- Change the direction of the volume knob to make it more intuitive.
- Integrate the circuitry into the jacket so the wearer is not required to carry the box.
- Add a threshold knob so the sensations can be customized based on individual comfort levels.
- Make the power switches more accessible to ease the plug-and-play interface design.
The three main tasks we listed when thinking of use cases for our jacket were as follows:
- Listening to music while walking to class
- Listening to music while studying in the dorm room, library or other such quiet place.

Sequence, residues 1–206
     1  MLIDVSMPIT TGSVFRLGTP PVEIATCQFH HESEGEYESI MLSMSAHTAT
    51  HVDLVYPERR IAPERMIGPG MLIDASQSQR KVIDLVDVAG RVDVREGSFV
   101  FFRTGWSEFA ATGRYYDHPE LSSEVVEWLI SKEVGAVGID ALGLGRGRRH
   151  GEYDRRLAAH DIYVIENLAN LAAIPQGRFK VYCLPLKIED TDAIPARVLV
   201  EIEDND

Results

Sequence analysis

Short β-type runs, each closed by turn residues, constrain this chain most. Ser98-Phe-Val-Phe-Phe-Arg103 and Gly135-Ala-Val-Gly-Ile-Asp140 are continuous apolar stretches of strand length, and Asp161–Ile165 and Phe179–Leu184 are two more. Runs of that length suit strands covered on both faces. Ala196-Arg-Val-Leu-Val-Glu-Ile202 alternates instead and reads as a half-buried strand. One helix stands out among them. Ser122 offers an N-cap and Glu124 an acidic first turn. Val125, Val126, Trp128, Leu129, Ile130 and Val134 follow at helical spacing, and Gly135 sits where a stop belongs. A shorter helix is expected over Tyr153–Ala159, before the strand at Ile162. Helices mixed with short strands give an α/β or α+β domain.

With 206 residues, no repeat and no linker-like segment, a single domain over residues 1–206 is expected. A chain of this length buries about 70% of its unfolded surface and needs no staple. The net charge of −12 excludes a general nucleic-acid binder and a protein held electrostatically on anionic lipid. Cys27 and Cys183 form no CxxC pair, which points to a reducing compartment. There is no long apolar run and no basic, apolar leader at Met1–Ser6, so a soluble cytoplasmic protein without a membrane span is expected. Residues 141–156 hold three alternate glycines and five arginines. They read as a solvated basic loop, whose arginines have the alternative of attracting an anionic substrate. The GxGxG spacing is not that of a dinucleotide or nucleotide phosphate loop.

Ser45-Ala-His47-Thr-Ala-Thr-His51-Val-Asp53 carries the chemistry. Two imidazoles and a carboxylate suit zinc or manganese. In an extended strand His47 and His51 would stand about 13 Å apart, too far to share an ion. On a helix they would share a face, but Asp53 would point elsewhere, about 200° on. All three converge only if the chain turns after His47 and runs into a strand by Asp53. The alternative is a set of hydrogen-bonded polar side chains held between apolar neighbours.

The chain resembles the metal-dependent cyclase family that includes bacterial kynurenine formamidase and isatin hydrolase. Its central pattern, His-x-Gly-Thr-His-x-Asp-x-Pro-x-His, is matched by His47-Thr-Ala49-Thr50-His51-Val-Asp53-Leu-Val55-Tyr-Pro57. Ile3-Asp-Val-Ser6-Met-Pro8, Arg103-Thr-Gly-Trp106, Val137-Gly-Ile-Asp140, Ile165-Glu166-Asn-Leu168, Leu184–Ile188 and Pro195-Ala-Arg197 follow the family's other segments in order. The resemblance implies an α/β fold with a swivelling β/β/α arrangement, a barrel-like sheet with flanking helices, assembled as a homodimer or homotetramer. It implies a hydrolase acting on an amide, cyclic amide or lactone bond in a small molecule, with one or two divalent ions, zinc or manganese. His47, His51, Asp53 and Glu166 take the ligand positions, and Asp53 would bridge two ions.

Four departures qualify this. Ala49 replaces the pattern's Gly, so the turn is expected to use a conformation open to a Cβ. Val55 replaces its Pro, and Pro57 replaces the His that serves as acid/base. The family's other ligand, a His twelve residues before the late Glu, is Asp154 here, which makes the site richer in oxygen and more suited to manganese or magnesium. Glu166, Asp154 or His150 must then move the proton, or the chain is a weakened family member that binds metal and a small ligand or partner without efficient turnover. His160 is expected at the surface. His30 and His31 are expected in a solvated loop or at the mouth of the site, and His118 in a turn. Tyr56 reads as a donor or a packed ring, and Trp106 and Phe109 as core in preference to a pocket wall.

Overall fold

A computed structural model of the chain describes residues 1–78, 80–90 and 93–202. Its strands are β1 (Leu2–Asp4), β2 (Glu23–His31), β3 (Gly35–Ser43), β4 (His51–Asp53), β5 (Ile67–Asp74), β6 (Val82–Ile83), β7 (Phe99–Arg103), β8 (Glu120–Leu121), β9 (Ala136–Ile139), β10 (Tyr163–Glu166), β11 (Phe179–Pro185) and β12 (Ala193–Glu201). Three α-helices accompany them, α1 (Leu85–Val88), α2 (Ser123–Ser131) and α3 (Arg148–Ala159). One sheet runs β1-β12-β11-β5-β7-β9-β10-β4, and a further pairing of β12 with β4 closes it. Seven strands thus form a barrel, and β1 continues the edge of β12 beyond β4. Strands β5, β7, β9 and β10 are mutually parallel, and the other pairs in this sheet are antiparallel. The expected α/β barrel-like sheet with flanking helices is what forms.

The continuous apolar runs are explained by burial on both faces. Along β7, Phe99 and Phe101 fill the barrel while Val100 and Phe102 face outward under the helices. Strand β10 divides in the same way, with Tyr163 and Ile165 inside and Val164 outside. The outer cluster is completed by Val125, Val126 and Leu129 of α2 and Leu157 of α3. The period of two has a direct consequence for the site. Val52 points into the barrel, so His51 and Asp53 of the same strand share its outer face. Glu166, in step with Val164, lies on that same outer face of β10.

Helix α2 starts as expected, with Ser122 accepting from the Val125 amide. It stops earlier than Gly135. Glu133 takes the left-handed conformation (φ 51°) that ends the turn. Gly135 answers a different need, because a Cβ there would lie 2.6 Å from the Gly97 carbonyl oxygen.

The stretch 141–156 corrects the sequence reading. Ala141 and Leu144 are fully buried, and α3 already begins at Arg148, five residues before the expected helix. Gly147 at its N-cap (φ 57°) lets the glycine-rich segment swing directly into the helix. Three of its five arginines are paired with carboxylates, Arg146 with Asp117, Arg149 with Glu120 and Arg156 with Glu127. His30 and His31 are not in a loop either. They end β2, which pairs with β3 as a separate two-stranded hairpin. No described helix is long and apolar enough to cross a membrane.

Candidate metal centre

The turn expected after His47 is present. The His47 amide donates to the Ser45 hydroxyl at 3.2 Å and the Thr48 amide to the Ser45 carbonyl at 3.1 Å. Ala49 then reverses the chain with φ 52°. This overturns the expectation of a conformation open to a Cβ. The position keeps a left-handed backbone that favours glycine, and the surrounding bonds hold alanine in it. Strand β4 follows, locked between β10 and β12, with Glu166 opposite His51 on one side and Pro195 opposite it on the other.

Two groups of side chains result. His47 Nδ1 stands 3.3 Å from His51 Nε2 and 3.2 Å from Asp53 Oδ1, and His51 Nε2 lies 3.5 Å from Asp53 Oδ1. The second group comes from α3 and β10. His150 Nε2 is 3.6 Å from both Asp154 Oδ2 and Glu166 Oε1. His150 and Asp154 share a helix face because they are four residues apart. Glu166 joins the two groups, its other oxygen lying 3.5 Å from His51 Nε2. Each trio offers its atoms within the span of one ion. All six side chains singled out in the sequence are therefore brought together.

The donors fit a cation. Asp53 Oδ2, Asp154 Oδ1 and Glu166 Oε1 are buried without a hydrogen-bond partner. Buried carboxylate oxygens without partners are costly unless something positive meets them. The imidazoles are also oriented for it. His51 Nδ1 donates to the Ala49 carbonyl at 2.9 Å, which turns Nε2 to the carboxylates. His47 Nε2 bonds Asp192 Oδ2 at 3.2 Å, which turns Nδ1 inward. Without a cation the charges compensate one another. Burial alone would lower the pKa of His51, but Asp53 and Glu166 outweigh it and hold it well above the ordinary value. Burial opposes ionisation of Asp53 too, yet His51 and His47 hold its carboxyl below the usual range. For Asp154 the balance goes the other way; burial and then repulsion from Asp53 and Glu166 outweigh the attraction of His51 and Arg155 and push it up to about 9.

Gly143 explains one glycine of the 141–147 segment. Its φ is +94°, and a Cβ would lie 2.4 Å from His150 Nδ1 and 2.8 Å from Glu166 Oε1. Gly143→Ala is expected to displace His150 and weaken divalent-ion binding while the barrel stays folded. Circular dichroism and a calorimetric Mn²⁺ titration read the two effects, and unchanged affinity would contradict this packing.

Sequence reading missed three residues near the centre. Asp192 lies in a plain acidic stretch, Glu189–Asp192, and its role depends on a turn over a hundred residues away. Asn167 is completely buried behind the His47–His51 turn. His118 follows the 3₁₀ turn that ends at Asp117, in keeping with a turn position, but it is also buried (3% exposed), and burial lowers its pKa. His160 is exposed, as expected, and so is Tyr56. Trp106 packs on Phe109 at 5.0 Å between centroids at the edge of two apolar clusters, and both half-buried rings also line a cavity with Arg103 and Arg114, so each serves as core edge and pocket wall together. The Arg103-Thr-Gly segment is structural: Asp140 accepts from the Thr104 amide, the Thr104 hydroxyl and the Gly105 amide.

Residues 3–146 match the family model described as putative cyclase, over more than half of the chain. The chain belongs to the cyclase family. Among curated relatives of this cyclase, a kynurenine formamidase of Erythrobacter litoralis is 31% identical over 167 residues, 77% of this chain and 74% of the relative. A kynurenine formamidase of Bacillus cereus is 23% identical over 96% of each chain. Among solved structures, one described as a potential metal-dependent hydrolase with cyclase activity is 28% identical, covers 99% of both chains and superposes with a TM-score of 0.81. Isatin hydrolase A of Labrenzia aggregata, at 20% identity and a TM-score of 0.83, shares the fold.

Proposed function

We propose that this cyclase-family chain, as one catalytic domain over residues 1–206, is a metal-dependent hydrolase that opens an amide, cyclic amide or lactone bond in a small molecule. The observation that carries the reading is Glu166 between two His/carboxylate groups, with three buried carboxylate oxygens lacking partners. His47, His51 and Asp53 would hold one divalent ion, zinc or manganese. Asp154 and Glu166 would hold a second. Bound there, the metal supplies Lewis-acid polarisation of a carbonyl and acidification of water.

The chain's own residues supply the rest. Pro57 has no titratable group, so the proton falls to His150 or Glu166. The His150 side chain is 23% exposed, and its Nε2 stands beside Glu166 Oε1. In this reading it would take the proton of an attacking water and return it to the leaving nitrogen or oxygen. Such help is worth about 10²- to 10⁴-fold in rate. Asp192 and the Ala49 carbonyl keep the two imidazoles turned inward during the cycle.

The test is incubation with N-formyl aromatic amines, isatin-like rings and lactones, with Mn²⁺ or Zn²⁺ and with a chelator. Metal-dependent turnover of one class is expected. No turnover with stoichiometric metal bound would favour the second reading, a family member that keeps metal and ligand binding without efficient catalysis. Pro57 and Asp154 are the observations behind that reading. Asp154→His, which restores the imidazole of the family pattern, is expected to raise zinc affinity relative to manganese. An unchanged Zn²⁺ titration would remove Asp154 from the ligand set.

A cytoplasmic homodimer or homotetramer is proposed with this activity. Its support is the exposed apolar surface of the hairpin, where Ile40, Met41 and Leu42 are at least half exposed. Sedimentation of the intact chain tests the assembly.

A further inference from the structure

- Listening to music while in a silent disco.
Our test subjects said they would use the jacket under all the three listed situations. The idea of using it at the Silent Disco was very popular, but while thinking about performing everyday tasks, testers were concerned about the storage of the jackets when not in use. One of the testers was concerned about walking around with the jacket, and how the process would work with motors and wires in the jacket. Final additional concerns that were raised included wearing a jacket in warm weather, its durability, and its washability. These are secondary to our primary goal of creating a new music listening experience but will be key in future iterations of the jacket.